- According to Josephus, he lived at the time of Eli. Son of Rachab and Salma, he was a rich landowner who noticed Ruth, the widowed Moabite daughter-in-law of Naomi, a relative of hers, gleaning grain from his fields. He soon learns of the difficult circumstances her family is in and Ruth's loyalty to Naomi. In response, Boaz invites her to eat with him and his workers regularly as well as deliberately leaving grain for her to claim while keeping a protective eye on her. It should be noted that the tradition of Boaz descending from a Canaanite prostitute stems from confusion regarding the identity of the mother of Boaz, who is not mentioned in the Tanakh but is in the Genealogical record of Matthew; Because they have the same name some people believe she is the same person mentioned in Joshua, but that is not supported by linguistic and textual evidence.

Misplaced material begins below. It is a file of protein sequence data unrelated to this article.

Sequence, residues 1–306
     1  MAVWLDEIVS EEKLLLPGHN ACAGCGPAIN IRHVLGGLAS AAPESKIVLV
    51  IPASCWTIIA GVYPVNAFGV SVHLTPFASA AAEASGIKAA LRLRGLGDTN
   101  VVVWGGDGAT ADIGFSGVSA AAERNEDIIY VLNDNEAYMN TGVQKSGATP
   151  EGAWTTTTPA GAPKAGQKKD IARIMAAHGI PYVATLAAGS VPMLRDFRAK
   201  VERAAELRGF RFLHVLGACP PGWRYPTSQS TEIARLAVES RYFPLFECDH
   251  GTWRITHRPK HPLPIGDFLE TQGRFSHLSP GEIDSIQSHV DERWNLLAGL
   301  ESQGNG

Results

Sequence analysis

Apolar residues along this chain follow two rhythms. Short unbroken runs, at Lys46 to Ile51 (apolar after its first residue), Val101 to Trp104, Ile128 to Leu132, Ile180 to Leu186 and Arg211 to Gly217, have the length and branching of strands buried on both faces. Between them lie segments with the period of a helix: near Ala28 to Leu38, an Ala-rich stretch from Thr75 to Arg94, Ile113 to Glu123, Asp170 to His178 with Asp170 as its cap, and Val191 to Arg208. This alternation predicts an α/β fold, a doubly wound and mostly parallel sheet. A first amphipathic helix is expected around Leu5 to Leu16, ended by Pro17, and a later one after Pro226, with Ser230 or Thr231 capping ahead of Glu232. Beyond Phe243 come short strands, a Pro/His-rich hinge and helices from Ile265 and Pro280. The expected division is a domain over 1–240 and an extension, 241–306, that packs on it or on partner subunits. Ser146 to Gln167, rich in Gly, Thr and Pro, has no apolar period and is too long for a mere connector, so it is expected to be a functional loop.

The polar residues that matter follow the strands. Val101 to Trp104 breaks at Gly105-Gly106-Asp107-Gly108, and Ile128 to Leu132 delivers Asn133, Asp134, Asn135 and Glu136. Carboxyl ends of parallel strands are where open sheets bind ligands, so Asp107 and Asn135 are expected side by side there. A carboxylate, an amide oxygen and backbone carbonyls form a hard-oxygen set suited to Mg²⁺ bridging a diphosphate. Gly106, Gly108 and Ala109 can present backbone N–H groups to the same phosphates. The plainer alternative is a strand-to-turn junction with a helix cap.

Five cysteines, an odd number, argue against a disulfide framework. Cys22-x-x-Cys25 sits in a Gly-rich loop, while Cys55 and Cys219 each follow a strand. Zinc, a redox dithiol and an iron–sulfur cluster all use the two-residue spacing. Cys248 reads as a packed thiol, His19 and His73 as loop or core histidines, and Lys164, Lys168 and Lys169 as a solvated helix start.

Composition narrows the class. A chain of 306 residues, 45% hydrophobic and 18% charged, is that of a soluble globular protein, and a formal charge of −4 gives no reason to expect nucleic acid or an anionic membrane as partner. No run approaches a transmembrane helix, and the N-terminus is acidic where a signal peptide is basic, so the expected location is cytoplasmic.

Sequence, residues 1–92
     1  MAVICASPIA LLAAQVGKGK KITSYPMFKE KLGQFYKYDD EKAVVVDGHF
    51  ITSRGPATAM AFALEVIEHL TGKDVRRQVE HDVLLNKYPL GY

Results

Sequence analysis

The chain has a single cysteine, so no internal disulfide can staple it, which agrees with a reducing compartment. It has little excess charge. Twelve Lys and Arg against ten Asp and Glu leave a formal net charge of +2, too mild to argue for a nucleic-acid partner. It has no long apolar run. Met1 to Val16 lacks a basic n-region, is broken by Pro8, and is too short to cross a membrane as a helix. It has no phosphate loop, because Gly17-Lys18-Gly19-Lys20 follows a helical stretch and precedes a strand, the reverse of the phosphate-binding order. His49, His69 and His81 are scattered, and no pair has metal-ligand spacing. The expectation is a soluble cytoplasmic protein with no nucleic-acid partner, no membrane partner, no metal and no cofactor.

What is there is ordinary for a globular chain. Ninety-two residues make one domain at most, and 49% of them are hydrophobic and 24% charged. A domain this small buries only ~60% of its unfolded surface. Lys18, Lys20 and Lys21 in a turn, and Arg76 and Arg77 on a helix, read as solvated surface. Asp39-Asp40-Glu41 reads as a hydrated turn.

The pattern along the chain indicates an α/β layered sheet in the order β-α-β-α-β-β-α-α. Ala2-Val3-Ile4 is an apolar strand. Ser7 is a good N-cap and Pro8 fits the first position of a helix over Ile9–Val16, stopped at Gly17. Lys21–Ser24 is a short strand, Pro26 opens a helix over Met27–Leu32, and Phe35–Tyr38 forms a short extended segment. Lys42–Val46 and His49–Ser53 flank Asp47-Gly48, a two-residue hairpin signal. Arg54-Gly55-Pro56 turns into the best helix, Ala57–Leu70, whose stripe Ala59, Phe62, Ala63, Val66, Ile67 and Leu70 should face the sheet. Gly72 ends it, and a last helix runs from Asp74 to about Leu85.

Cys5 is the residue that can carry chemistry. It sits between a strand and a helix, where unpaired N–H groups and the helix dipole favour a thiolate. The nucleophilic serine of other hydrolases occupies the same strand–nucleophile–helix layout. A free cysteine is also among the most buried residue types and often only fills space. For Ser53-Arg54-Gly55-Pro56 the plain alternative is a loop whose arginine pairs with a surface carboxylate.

Boaz married Ruth and, consequently, preserved the name of Elimelech, Naomi's deceased husband, a sort of levirate. Their firstborn was considered a son of Elimelech's lineage (Rt-4.5, 10). Boaz purchased the family lands that Naomi had sold, and restituted them to Elimelech's lineage (vv. 3, 7–10). For those substituting, redeeming factors, Ruth's husband is considered by Christians to be a type of Jesus of Nazareth, whom they consider to be the Messiah.
Although Boaz is noted to be much older than Ruth in the traditional account and he marries her for Naomi's sake, most dramatic adaptations have Boaz as a handsome young man so as to enhance the romantic nature of the story.
Their son was Obed, father of Jesse, and grandfather of David. Boaz is mentioned in both the Gospel of Matthew and the Gospel of Luke as an ancestor of Jesus, "according to the flesh".
- Meeting of Lot and Boas